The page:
With a coastline 2,770 km long, Mozambique has a wide diversity of marine and coastal habitats, which support pristine ecosystems, high biodiversity and an array of flagship species. Several ecological areas of regional and global importance (hotspots) have been identified along the coast. Almost 900 species of reef-associated fish have been recorded, as well as 122 species of sharks and rays, 400 species of molluscs, 27 species of marine mammals – including the last viable population of dugongs in the western Indian Ocean – five species of marine turtles, 270 species of hard and soft corals, 14 species of seagrasses and ten species of mangroves.
There are more than 20 million people living in Mozambique, over two-thirds of whom reside within the coastal region. The natural resources within the coastal zone sustain 60% of the population, and help support the country’s economy through fisheries, tourism and industries. Approximately 40% of the export income for the country come from fisheries; these activities put a significant strain on coastal resources and marine environments, including seagrass ecosystems.
Thirteen species of seagrass have been recorded in Mozambique, including the recently discovered Thalassodendron leptocaulis, which only occurs in rocky habitats of Mozambique and South Africa.
Seagrass meadows in Mozambique cover an area of 439 km2, and generally occur in the intertidal zone. The most important sites for the conservation of this ecosystem and associated species are the Quirimbas Archipelago, Bay Fernão-Veloso, the Bazaruto Archipelago, and the island of Inhaca and Ponta do Ouro.
Seagrass meadows are plentiful in Bazaruto Archipelago region; however, this ecosystem risks potential long-term impacts from major anthropogenic pressures (e.g. boating, netting and trampling) and extreme climate events (e.g. cyclones).
Historical information suggests that dugongs were once plentiful and widely distributed along the Mozambique coast. Today the largest and last viable population of dugongs in the western Indian Ocean are found in the Bazaruto Archipelago region. With other populations in the region close to extirpation, the Mozambiquan population, estimated at 250-350 individuals, represents the species’ last stronghold in East Africa. Estimates suggest that this population can sustain only a maximum of two human-caused deaths of productive females per year before their viability is threatened.
The importance of the Bazaruto Archipelago for dugong conservation is highlighted by the declaration of the Bazaruto Archipelago Important Marine Mammal Area (IMMA), which, at 16,280 km2 in size, also features habitat for endangered Indian Ocean humpback dolphins and ten other whale and dolphin species, including breeding grounds of humpback whales.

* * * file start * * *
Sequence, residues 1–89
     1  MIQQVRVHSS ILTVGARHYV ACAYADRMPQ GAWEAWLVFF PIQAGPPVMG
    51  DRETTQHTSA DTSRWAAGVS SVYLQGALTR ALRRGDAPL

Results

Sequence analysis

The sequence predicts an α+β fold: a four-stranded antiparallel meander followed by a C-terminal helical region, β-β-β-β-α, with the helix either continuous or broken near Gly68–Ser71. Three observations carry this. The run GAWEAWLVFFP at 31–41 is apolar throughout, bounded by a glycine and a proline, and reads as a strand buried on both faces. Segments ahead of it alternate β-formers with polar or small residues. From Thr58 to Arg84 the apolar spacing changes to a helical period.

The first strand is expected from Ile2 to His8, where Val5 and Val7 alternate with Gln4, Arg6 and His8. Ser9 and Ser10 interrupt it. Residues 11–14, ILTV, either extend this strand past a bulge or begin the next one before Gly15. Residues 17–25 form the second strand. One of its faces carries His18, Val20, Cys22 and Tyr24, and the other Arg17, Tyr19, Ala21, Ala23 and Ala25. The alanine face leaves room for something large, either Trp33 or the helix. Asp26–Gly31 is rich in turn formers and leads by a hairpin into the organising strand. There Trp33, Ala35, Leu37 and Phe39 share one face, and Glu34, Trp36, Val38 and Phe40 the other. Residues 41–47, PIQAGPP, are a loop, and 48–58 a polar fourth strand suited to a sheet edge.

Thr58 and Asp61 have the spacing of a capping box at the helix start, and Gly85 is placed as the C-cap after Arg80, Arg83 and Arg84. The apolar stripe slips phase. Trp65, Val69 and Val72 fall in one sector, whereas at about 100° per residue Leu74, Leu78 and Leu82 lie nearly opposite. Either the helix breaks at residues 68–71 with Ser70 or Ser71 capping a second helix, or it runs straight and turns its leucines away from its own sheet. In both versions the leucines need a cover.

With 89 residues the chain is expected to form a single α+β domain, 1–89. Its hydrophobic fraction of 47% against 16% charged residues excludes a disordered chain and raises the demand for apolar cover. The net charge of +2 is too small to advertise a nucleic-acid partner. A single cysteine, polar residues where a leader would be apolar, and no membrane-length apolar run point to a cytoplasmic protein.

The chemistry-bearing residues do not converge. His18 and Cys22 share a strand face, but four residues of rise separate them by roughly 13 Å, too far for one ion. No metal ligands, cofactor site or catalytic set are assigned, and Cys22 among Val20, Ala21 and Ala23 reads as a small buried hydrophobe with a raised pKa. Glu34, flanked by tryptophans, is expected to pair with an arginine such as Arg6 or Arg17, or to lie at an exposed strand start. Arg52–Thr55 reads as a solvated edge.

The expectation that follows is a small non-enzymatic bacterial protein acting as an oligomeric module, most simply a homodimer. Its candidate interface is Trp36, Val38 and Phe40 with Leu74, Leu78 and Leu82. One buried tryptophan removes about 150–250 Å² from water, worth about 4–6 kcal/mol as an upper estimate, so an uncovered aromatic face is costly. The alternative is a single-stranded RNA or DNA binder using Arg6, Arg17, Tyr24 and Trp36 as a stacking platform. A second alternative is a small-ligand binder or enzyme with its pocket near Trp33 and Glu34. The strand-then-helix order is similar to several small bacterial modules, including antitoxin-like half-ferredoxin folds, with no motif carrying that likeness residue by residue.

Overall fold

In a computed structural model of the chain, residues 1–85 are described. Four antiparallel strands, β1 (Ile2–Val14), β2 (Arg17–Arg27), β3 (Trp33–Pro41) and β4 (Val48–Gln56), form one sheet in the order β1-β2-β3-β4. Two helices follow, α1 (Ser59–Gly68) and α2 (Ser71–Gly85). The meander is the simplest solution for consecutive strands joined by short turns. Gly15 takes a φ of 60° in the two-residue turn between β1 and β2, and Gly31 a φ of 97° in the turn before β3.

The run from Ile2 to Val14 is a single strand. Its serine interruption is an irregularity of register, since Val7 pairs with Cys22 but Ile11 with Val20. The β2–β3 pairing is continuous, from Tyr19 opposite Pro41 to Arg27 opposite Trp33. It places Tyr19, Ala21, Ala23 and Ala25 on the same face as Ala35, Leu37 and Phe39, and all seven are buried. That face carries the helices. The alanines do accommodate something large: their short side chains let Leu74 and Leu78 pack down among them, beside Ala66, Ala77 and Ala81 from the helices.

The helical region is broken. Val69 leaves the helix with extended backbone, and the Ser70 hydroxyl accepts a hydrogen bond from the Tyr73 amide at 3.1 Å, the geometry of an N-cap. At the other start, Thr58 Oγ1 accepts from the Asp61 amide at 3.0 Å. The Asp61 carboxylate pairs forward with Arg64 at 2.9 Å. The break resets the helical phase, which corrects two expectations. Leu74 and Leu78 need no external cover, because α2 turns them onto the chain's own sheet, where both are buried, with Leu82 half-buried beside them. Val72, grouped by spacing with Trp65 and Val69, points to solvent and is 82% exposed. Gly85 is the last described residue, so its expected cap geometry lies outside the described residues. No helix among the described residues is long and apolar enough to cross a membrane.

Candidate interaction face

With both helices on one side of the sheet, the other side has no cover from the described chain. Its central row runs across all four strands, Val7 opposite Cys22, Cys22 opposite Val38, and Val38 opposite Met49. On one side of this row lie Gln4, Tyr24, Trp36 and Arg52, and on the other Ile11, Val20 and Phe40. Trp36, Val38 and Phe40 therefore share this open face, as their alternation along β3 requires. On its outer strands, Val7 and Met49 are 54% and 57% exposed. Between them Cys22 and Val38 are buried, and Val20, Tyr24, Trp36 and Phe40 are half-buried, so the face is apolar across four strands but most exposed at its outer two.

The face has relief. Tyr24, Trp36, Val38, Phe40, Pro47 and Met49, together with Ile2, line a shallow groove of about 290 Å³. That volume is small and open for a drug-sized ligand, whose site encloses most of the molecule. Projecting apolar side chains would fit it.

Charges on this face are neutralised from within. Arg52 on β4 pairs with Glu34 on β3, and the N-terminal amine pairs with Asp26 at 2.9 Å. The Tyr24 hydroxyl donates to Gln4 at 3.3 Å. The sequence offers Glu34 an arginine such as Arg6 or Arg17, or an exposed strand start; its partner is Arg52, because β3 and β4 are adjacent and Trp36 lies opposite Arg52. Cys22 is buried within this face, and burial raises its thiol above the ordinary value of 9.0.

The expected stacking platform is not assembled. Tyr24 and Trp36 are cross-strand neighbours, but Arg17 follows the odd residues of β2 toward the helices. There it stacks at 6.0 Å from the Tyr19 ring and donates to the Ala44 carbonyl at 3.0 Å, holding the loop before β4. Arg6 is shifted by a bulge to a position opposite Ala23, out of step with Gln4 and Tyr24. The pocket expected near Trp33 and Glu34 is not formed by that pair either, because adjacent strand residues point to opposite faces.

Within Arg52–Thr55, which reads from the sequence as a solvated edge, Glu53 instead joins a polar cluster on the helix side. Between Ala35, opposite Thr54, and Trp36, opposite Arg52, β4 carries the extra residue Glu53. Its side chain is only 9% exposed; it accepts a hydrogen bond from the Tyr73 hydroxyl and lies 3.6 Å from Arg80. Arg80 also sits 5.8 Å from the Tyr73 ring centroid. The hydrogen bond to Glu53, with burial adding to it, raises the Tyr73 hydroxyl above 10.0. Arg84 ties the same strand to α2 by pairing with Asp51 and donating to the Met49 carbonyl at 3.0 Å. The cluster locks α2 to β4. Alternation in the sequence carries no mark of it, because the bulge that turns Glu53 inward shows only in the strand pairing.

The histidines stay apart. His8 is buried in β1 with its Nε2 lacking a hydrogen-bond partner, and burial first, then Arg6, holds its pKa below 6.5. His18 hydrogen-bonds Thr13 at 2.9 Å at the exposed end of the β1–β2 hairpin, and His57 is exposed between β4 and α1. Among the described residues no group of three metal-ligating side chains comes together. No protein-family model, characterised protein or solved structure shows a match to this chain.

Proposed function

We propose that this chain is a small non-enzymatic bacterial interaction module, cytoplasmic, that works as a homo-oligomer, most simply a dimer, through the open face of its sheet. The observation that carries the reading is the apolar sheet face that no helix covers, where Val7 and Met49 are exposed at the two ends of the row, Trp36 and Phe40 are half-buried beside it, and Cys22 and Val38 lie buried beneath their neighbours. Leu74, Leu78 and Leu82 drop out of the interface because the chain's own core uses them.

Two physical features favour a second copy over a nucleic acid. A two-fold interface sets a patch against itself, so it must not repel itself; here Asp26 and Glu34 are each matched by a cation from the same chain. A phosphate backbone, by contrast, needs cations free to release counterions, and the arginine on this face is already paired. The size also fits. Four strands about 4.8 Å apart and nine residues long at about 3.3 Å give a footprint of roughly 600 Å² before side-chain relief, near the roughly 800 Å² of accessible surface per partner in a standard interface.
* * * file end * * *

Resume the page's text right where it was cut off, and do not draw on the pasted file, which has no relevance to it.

Cultural Significance of Dugongs
Dugongs have traditionally been sold and eaten in Mozambique, and hunting of dugongs was common until the late 1990s. Due to their protected status, fishers no longer openly admit to catching dugongs; however, their meat is still prized and reportedly still illegally sold in restaurants, disguised as pork.
Major threats to the coastal and marine ecosystems of Mozambique include overfishing, industrial and coastal development, natural resources exploitation, unregulated and damaging tourism practices, pollution and weather extremes such and storms and cyclones.
The dugong population in Bazaruto is protected by two marine protected areas (MPAs) – the Bazaruto Archipelago National Park and the Vilanculos Wildlife Sanctuary – however more than 80% of the known dugong population are found outside the boundaries of these MPAs, in remote areas that are not surveilled by local authorities. It is here that dugongs face the threats of bycatch, poaching, and acoustic and boat traffic disturbance from coastal development, as well as proposed extractive gas and oil seismic exploration.
In the Bazaruto Archipelago, the greatest threat to adult dugongs is the commercial fishery for shark fins. This fishery uses 40 cm stretch size gillnets set for extended periods and left unattended overnight in known dugong habitats, resulting in high dugong mortality. Reports also suggests that in Bazaruto Bay, dugong hunting has developed into a directed fishery. The extent of the fishery remains unknown but is estimated to be between 4-6 individuals per year.